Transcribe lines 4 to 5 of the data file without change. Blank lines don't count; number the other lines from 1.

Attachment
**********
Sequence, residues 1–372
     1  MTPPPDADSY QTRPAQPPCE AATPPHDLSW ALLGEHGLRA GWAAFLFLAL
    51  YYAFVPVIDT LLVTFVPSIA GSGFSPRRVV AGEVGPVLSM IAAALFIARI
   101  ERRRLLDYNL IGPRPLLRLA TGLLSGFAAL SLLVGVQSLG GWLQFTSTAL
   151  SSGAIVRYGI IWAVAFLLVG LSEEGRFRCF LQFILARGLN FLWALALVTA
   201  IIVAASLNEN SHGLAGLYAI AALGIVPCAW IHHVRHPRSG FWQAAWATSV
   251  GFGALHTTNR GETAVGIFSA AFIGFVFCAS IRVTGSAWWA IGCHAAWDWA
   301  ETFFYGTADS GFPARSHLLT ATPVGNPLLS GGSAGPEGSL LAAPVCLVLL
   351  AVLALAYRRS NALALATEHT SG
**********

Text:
   101  ERRRLLDYNL IGPRPLLRLA TGLLSGFAAL SLLVGVQSLG GWLQFTSTAL
   151  SSGAIVRYGI IWAVAFLLVG LSEEGRFRCF LQFILARGLN FLWALALVTA